There was the usual craziness: the fellow who brought his pet python because it's such a "man magnet"; the woman who wore nothing above the waist but two carefully placed rainbow stickers; the Earth spirits booth offering $5 tarot card readings and free blessings to summon "great sex."

But there was a seriousness of purpose amid the revelry at the 30th annual Capital Pride Street Festival yesterday, as volunteers for the first time greeted festival-goers with a request for cash to benefit the financially troubled Whitman-Walker Clinic, the primary sponsor of the city's premier gay pride event.

"We're asking for a $5 donation," the clinic's interim executive director, Roberta Geidner-Antoniotti, called to passersby entering at the west end of the festival, a collection of booths and musical stages strung along Pennsylvania Avenue NW at the foot of the U.S. Capitol.

"Is it going under?" asked a young woman in a black T-shirt as she fished in her purse.

"It's not going under. It's going to be around for a long time. It's just going to shrink a little bit," Geidner-Antoniotti replied.

The Whitman-Walker Clinic is the region's oldest and largest provider of services to people infected with HIV and is known nationally for its AIDS programs. Plummeting contributions and severe cash-flow problems forced the clinic to pull out of the Washington suburbs this month, lay off nearly a quarter of its 260-person staff and reduce or consolidate services in the city.

Standing in shorts and a blue T-shirt under a brutal sun, Geidner-Antoniotti dropped $5 bills into a bright orange bucket. Other volunteers with buckets worked elsewhere in the crowd.

At Saturday night's Capital Pride parade in Dupont Circle, the bucket brigade hauled in $3,100, Geidner-Antoniotti said. Apex nightclub raised an additional $8,000. Yesterday, clinic directors hoped to collect more than $30,000 from the 100,000 people expected to show up at the street festival, the final event in a weekend devoted to celebration of the region's gay, lesbian, bisexual and transgender community.

"This has traditionally been viewed as a break-even production, but we're hoping this year, through the generosity of our community, we'll make a little extra," said Kim Mills, a Whitman-Walker spokeswoman at the festival's information booth. "We could use the help."

Geidner-Antoniotti said awareness of the clinic's plight was strong among festival-goers. Many cheerfully pulled out their wallets.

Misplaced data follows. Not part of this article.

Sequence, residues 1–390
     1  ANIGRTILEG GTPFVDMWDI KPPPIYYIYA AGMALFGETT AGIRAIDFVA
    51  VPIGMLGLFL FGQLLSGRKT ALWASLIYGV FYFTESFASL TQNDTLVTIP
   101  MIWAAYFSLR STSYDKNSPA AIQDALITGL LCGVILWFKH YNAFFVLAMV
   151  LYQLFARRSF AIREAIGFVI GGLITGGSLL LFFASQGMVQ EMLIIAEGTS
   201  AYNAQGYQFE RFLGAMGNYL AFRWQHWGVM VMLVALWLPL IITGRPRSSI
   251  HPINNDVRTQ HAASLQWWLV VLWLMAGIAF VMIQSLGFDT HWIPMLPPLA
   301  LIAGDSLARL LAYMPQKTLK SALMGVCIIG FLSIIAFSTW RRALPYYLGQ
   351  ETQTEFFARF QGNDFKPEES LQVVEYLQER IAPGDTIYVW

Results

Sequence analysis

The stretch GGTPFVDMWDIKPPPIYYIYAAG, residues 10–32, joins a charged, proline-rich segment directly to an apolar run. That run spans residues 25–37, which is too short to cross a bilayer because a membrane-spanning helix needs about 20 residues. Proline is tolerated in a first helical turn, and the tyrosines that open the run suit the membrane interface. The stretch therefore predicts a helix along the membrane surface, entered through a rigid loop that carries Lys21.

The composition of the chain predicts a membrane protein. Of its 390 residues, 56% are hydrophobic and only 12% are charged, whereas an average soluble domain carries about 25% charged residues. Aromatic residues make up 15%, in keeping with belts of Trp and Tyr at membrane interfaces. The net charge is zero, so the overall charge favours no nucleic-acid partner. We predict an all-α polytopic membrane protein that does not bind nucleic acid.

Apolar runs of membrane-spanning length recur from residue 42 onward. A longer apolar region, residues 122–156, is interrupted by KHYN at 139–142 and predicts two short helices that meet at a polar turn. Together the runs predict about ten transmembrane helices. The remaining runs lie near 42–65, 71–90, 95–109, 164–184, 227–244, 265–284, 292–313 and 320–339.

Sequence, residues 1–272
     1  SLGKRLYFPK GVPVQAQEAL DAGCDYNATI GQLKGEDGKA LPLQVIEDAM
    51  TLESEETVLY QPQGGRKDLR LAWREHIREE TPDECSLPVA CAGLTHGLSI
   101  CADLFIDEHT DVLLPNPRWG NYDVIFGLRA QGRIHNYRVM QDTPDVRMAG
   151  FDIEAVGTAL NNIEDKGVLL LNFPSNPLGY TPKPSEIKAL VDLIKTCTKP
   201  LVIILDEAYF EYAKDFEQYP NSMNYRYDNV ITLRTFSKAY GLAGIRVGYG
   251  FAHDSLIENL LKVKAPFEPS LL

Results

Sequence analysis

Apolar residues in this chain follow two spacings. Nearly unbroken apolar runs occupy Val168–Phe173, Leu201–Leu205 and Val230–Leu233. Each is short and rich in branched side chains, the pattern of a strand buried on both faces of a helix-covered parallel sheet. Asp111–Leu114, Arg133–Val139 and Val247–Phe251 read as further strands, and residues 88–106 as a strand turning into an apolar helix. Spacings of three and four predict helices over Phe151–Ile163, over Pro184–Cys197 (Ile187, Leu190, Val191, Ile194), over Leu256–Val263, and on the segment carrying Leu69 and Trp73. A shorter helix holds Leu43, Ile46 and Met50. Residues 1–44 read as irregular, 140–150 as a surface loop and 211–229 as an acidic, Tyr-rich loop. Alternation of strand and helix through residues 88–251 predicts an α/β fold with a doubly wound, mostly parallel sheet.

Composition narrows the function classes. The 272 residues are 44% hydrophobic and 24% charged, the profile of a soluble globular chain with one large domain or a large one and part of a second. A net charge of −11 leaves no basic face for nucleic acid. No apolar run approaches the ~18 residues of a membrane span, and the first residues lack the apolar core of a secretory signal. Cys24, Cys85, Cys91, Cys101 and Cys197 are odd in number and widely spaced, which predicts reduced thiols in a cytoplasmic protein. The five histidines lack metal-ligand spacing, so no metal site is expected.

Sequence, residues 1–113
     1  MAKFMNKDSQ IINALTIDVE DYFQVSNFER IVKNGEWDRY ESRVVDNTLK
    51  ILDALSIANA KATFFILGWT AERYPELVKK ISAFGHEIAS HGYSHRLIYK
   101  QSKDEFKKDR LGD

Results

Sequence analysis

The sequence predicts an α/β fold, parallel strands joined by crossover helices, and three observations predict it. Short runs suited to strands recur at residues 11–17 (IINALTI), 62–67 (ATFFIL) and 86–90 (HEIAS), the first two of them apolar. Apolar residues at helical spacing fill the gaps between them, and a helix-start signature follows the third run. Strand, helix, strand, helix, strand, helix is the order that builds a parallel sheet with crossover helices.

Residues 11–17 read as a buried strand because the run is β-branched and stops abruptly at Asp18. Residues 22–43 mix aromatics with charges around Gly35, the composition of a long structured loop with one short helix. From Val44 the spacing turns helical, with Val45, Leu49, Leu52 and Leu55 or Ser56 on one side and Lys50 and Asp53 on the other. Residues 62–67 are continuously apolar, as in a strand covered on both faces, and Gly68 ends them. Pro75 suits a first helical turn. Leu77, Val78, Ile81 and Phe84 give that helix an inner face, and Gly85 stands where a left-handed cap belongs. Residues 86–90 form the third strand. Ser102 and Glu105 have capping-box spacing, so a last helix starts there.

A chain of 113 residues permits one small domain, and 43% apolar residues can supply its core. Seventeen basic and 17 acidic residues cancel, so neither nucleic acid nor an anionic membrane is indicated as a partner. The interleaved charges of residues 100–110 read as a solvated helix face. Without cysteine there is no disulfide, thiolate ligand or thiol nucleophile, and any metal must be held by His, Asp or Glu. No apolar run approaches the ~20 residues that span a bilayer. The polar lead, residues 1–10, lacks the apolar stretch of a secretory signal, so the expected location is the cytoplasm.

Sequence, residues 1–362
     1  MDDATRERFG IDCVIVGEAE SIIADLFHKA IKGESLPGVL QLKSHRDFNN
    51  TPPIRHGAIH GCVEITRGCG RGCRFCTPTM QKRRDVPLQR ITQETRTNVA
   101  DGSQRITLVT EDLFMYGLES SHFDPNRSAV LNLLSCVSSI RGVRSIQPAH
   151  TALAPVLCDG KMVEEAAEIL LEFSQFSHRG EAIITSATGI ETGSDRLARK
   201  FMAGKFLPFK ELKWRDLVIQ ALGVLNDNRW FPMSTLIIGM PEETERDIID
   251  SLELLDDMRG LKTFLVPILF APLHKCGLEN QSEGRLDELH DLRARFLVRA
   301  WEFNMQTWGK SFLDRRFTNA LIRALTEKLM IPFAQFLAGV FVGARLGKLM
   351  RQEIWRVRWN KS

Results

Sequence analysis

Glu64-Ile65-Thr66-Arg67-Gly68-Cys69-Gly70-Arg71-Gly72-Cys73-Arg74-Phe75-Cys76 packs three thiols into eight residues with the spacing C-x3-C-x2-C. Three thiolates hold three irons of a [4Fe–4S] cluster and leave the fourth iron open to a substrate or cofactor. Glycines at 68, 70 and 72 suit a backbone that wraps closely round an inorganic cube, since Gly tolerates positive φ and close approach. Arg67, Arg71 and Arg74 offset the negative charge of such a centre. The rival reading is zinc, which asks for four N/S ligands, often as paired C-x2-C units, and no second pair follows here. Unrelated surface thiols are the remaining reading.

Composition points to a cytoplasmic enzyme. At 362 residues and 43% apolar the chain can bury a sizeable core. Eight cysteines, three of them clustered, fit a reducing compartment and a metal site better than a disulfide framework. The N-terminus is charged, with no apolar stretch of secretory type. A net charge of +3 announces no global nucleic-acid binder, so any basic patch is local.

"They do so much for the community," Bill McNeel, 44, of College Park said of the clinic as he and his partner, Roy Peterson, 44, ponied up the cash. "If you take away those services, there will be a lot of people affected."

Once past the bucket brigade, it was easy to forget the clinic and get lost in the eclectic collection of booths that stretched four blocks along Pennsylvania Avenue. Some were slightly weird ("Utilikilts: American Utility Kilts for Every Day Wear"). Some were totally serious ("1-800-GAYLIVE. Find him fast and easy"). But most offered rather mundane services pitched to a gay crowd.

The SmithBarney booth offered financial planning. Wedding Online had tips for sharing the big day with family and friends. There were dive clubs, swim clubs, soccer clubs, bowling clubs, antique car clubs, even a real estate agent, Evan Johnson, standing under a banner that read "MyGayAgent.com."

"Most people buying or selling want to feel comfortable," said Johnson, who works in the District and Northern Virginia. "If I'm showing a house to a couple of gay guys or lesbians, it's better if they're thinking about the house I'm showing than if they're wondering the whole time what their agent's thinking because they're looking to buy a one-bedroom together."

Staff writer Clarence Williams contributed to this report.

The band Betty Rules performs for the Capital Pride Street Festival, which capped the annual weekend of events for the gay, bisexual and transgender community. The festival was expected to draw about 100,000 people.The DC Cowboys dance group poses for a photo at the street festival, which mixed performances with marketing and, for the first time, fundraising.